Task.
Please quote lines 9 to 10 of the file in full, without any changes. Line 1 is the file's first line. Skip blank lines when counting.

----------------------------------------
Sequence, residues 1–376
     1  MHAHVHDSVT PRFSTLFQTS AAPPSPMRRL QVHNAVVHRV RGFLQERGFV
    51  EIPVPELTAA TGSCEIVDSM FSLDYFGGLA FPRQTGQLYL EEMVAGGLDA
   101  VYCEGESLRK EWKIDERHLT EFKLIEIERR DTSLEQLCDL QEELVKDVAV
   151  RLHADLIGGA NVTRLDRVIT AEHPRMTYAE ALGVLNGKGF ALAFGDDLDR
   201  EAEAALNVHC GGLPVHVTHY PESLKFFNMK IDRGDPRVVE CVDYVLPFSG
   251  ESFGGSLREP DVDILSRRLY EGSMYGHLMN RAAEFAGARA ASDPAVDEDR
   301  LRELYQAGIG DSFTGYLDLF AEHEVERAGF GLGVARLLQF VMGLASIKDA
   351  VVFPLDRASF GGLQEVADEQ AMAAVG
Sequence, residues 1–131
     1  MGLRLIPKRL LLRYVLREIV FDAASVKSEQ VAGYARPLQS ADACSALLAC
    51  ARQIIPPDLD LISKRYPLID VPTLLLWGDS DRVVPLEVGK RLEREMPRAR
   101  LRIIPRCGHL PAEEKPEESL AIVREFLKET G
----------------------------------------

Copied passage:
   351  VVFPLDRASF GGLQEVADEQ AMAAVG
Sequence, residues 1–131